Sunday, 4/4/10- Very good day...all of our team arrived. Ward is beautiful...OR sterilized. Problem with anesthesia machine, only works with small O2 bottles. We have connected with Miami to get more o2 & hopefully biomed. I went to town with Dr. Gueramy, Dr. Haas, Seema (Journalist) & Vance (Photographer). A guy with 2 femur fractures also has bilateral upper extremitiy fractures is coming tomorrow. Probably have to amputate..hand not salvageable. He had crit 15. Hgb 5.5 so getting blood before they transfer him. Found delightful femur fracture patient with external fixature on femur needing fixation....from the earthquake at Miami. Seema interviewed her with Miami ortho doc. He was fantastic & one of his partners is coming April 10. If we could round up OR staff & anesthesia we definitely have surgery week (and use all those team nurses)....very good possibility. Miami surgery said there is plenty of work. 4 surgeries scheduled tomorrow...all 4 spending the night. One guy is a femur fx...walked into miami.

Picture: Dr. Gueramy negotiating with UN- they were trying to bring us 5 patients in ambulance. Our clinic was closed & we didn't have our nurses yet.

Team 10 Final Update

Update from Ann Soo, MD:

Today is Good Friday and the clinic is closed. We spent the day moving out medical supplies from the school to the tent barn and hoop barn to help prepare the school to re-open. It was physically exhausting, however it had been raining recently and so the weather is cooler. It was as if God knew we needed some relief from the heat. Re-opening the school is vital in Haiti. Education is the best way for Haiti to break their poverty cycle. Mission of Hope schools 1200 children and education is their best hope for a better life.

There is a a rugged road that leads from Port au Prince to Mission of Hope. Along the road, there is a mass burial ground where more than 200,000 bodies are buried. Near the top of the burial site, a large cross has been built. If you stand near the cross and turn around, there is a a beautiful sweeping scenic view of the beach. It is quite eerie when you first walk on the site but in a strange way peaceful.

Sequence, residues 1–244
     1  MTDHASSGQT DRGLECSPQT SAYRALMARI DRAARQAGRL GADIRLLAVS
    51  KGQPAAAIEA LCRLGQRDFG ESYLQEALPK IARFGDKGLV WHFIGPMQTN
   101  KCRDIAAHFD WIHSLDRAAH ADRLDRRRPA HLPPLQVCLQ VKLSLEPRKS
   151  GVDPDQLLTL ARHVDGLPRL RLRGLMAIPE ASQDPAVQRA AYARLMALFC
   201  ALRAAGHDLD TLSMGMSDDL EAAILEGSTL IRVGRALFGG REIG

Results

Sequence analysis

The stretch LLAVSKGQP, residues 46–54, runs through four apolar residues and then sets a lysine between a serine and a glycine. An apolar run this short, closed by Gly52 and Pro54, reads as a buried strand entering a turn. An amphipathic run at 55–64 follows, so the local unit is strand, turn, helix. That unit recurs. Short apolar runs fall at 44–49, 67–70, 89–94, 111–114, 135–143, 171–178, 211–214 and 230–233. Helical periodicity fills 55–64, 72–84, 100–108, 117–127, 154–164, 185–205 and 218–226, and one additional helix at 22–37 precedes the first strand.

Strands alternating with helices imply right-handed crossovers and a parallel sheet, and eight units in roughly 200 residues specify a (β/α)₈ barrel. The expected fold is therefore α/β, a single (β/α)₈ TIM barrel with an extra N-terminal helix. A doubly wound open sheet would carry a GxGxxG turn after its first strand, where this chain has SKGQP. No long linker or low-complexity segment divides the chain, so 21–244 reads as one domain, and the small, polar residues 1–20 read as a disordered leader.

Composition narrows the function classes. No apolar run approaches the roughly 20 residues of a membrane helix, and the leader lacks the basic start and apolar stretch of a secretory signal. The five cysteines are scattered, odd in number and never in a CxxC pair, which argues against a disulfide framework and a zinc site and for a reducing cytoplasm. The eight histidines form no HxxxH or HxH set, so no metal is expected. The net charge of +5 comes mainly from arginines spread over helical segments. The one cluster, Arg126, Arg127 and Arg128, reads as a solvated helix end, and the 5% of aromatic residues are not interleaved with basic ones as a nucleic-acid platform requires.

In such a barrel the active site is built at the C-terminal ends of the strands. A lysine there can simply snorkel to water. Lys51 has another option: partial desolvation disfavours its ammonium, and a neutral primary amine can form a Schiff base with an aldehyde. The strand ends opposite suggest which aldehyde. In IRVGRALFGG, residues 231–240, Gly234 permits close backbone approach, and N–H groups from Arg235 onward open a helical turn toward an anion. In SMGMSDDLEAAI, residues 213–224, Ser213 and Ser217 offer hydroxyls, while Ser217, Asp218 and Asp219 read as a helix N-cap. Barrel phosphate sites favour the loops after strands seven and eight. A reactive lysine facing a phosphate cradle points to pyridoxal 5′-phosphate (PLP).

Sometimes I wonder why great tragedies happen in life. The earthquake that hit Haiti on Jan 12th brought devastation on top of a country that was already struggling. The people of Haiti need love, compassion and hope during their season of suffering. If you feel led to come here, this experience will stretch your faith and deepen your compassion. As we celebrate Easter this weekend, just remember God can do amazing things from tragedy – just look what He did at Calvary.

PS- Ortho clinic needs C-arm paper, pediatric crutches, and emla cream.

Medical clinic would like IV Zofran, IV benadryl, muscle relaxants (SOMA, flexeril, or robaxin), migraine medications (imitrex, relpax, or zomig), azithromycin, otoscopes with extra ear speculums, and Elimite for scabies.

Friday, April 2, 2010

Team 11 making their way to Haiti

This is a big Haiti Team, maybe our biggest yet. Here is the list of names and specialites who are traveling down today and tomorrow. Our prosthetics lab and clinic will open on Monday.

Orthopedic surgeon: Bradley Adams, DO, Austin: Texas Ortho
Orthopedic surgeon: Michael Chardack, MD, Trauma center, Salt Lake City, UT
Anesthesia: Aaron Ali, MD, Austin: Capital Anesthesia
Family Practice: Dr. John Morrow, Austin: ARC
Rehab/wound care: Dr. Jean Deleon, Dallas: Baylor

OR RN: Diana Adams, RN, Austin: NW Surg Center
ER RN: Jean Nations, RN, Austin: SNW
Wound/Rehab RN: Adora Lucius, RN, Dallas: Baylor
Pedi RN Elizabeth Stephens, Austin: Dell Children’s

Prosthetist: Chase Brown, San Antonio: MK Prosthetics & Orthotics
Prosthetist: Mark Kirchner, San Antonio: MK Prosthetics & Orthotics

Journalist: Seema Mathur, Austin
Photographer: Vance Holmes, Austin

Paramedic 1: Curtis Rhodes , Oklahoma (2nd trip to MOH)

Supply/Aid: Max Chardack

Prosthetics Admin: Jennifer Kinman, Austin: Texas Ortho